"RBI has to look at the price trend, underlying momentum...and what else is happening in the economy before making up its mind," Planning Commission Deputy Chairman Montek Singh Ahluwaia said, commenting on the decision of the central bank to check rising prices by raising rates.
Besides monetary action, the declining trend in food prices in the backdrop of a good rabi (winter) crop, he said, "Will bring down overall inflation in the next two months."
The RBI's decision to raise repo and reverse repo (short-term lending and borrowing) rates by 25 basis points each to 5 per cent and 3.5 per cent, respectively, on Friday evening was aimed at anchoring price rise.
Inflation soared to 9.89 per cent in February exceeding RBI's March-end projection of 8.5 per cent and is expected to enter double digits soon.The RBI's decision, Ahluwalia further said, "also signals a return to a normal situation from an excessively relaxed position." Following the collapse of the global economy in September 2008, the RBI lowered key policy rates and ratios to pump in liquidity to help the cash-starved industry.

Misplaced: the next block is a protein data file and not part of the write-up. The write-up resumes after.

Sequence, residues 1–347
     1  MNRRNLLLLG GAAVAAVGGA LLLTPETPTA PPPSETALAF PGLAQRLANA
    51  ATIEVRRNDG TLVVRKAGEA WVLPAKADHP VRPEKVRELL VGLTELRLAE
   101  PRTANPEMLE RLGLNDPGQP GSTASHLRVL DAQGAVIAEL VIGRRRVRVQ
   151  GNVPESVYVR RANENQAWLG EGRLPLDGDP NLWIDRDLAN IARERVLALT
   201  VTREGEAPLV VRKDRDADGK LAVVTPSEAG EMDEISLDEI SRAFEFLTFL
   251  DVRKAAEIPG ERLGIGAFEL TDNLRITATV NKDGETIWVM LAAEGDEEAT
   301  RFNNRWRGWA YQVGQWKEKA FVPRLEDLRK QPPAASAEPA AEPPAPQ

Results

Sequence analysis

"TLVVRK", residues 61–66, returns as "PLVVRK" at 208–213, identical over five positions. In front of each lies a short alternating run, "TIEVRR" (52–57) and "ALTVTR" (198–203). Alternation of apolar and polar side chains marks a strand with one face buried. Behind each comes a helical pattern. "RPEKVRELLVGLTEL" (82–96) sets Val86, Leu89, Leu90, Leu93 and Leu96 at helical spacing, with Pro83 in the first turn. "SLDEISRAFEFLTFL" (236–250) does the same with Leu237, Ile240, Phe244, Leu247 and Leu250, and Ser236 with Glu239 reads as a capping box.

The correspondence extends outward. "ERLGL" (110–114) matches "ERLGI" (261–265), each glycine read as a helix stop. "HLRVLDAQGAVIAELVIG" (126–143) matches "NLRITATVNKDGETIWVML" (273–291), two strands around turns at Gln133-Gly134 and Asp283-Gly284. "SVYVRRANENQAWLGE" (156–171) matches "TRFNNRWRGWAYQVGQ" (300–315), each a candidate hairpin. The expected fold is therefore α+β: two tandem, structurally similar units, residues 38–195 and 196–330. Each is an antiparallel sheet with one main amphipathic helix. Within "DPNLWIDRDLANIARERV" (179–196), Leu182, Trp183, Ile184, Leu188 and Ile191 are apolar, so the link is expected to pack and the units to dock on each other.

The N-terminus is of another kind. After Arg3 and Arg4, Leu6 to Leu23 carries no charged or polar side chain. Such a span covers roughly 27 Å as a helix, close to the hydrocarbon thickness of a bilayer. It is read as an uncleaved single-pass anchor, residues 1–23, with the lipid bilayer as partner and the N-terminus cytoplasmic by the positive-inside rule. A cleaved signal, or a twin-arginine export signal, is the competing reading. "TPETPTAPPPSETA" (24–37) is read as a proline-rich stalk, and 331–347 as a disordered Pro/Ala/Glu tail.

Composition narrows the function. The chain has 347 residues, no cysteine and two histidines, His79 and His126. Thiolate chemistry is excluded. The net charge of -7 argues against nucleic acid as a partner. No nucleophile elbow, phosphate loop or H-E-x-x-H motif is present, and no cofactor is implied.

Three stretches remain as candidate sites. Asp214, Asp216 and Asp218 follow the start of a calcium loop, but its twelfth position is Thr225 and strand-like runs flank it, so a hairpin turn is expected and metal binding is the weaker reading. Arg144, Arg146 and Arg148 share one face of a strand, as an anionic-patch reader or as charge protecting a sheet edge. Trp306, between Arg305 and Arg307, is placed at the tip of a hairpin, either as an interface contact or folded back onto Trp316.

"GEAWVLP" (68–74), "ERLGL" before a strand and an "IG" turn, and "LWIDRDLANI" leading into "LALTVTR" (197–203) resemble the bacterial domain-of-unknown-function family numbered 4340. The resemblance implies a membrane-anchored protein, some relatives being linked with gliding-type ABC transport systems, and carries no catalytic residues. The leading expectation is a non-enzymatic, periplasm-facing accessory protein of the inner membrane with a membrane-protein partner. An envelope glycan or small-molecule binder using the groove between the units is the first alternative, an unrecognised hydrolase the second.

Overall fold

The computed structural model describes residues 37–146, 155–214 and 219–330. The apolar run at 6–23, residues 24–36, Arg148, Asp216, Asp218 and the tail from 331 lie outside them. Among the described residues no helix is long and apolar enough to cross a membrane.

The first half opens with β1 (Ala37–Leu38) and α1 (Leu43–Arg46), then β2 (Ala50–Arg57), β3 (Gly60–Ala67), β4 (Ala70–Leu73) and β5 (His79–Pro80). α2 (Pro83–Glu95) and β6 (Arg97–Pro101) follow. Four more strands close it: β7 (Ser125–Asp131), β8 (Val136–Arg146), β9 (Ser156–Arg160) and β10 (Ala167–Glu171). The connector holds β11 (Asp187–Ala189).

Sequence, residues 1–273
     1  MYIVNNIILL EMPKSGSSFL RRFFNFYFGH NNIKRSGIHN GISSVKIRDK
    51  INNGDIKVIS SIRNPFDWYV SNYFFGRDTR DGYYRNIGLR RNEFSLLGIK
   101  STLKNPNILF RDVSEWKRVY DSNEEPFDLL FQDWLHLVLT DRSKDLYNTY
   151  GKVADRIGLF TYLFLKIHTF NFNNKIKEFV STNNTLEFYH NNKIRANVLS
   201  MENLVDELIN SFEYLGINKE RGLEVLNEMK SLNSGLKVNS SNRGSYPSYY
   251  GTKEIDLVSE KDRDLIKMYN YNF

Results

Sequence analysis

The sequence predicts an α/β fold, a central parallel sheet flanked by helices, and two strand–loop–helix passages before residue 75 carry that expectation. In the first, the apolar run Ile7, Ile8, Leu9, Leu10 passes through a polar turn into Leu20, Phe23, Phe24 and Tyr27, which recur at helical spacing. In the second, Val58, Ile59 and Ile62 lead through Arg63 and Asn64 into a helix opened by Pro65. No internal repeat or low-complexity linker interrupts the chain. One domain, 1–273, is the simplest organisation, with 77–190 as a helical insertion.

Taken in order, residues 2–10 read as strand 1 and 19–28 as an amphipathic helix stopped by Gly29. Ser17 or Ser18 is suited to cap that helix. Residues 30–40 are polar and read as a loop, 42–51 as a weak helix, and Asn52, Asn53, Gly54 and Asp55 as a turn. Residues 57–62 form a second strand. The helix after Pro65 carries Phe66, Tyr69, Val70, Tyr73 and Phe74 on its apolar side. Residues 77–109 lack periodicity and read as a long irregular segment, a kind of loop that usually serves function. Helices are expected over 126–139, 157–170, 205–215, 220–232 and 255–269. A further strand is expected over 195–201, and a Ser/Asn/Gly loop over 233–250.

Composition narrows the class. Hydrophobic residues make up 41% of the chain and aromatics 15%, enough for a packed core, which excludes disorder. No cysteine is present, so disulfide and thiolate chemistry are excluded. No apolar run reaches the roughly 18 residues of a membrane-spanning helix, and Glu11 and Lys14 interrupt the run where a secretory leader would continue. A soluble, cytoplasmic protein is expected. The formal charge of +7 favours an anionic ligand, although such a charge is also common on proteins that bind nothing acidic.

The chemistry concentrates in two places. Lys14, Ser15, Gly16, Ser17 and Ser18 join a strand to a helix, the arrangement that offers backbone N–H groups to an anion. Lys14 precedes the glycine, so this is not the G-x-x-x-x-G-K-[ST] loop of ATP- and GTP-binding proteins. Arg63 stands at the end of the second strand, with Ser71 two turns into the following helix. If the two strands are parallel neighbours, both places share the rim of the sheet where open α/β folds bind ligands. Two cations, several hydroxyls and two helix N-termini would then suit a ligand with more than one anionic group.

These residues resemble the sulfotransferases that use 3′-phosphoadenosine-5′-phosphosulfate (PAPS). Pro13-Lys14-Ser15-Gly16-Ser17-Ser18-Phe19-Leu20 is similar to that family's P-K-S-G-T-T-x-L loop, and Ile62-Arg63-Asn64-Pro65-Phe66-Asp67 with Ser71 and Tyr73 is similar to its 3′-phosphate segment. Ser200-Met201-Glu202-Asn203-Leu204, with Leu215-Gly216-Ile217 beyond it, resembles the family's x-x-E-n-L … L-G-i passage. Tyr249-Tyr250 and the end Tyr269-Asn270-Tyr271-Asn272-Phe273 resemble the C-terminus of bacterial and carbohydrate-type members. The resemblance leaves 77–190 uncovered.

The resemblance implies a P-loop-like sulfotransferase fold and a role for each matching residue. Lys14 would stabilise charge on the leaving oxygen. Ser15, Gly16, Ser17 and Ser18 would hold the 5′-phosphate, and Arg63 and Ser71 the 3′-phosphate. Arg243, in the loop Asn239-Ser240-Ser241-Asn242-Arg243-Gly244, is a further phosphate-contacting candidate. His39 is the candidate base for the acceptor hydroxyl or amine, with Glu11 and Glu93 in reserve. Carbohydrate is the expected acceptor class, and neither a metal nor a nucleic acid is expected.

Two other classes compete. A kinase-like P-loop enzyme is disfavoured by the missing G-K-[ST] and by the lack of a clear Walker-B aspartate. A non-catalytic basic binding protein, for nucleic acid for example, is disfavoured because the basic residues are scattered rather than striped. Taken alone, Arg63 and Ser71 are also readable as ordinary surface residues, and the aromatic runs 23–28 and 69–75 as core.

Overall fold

With the economy showing signs of recovery, the RBI has started gradual withdrawal of the monetary stimulus it provided to the industry during the economic downturn.The central bank is scheduled to announce the annual credit policy on April 20, during which more monetary action could be taken to deal with the price situation.